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I have a program which receives data from unmanaged code about 500 to 700 times per second. Some of this data is usefull and needs to be processed and some of it is useless and get disgarded right away. To find out if received data is usefull I use a List of strings. My problem/question is: when I use a lock on the List to delete some or all entries, wil I get a big pileup of threads waiting to search the List?

Because deleting the entire list or parts of it is not used continuosly I now use a static Boolean. When I start with deleting I turn the Boolean to false and all data is disgarded before the list get searched. When I'm done I turn the Boolean back to true. Is this a gooed workaround or is there a better one? (I'm also asking this because testing is very time consuming at this point)

EDIT

The program is used to check if the strings in the list are correct. The unmanaged code sends data and this happens on a new thread. If the data is useful it gets displayed and the user can verify this. If the data turns out to be displayed but not usefull the user can delete the string from the List which happens on the main thread.

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Can you provide more details about your application - it is not yet clear to me. Which and how many threads are adding to the list? Which threads are deleting data? Which threads are processing useful data? What happens to useful data after processing it? –  Daniel Brückner Jan 4 '10 at 15:08
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2 Answers

up vote 11 down vote accepted

Yes - you may well get a "big pile up of threads".

I would recommend looking into a lock with reader/writer semantics as opposed to a single "brutal" exclusive lock. This should enable many readers to read your data concurrently. Only when a writer comes along to update the data will an exclusive lock be taken. Provided the number of writes is low in relation to the number of reads, you'll have very few threads "backing up".

The .Net ReaderWriterLockSlim is one possibility, but I heartily recommend you look at the OneManyResourceLock from Jeffrey Richter's Power Threading Library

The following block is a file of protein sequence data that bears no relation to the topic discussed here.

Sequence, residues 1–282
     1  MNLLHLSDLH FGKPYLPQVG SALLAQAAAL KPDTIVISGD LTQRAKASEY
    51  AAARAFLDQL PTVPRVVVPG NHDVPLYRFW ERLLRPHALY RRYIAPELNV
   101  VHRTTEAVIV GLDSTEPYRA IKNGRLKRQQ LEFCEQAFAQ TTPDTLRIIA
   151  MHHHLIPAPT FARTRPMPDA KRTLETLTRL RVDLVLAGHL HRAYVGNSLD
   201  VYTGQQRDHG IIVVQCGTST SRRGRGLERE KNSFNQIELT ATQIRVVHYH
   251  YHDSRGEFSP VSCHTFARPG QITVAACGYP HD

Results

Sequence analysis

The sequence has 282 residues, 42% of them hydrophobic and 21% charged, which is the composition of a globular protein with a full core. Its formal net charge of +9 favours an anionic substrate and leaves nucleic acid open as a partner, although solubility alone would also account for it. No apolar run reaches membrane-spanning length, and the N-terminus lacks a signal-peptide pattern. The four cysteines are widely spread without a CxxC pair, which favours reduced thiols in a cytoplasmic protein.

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Thanx for your quick anser. But is the ReaderWriterLockSlim not sort of the same thing what I'm doing since I'm only "brutally" locking when I'm editing the list. (Not that I think my code is nicer or better but I can explain it better when I have to defend my programming actions) –  Arie Devlin Jan 4 '10 at 15:27
    
Yes - a lock with reader/writer semantics such as ReaderWriterLockSlim or OneManyResourceLock will do a similar thing to what you've implemented. The trouble is with a hand rolled implementation, is there are potentially threading issues around switching and reading your boolean. Are you synchronizing access to this boolean? I would definitely try and avoid writing this sort of code when there are excellent thread-safe alternatives. As for your overall approach though - yes it seems fairly sound if I've understood it correctly –  Rob Levine Jan 4 '10 at 15:52
    
I forgot to mention that the Boolean is static, so it should be thread safe. But I understand your warnings and wil try to implement the OneManyRecourceLock. Thank you very much for your advise. –  Arie Devlin Jan 4 '10 at 16:11
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Would it be possible to process the strings before they get added to the list and only add the required ones?

This would remove the need to delete from the list at all.

EDIT

Ok, then, instead of a list of strings create another class with two variables :

  1. the string.
  2. a boolean.

Instead of removing the string from the list, set the boolean to false. Then no longer search on this.

This may or may not be more efficient, it depends on the situation.

Advantage

You only need to lock each individual record, not the whole list to remove. This could save the pile up of threads.

Disadvantage

You are not clearing down your list, so you will be searching through records that would have been otherwise deleted.

You might be able to get around this by using any idle time to purge the list if needed.

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This is not possible because the intention of my program is to use the incoming data to check if the strings in the list is correct –  Arie Devlin Jan 4 '10 at 15:19
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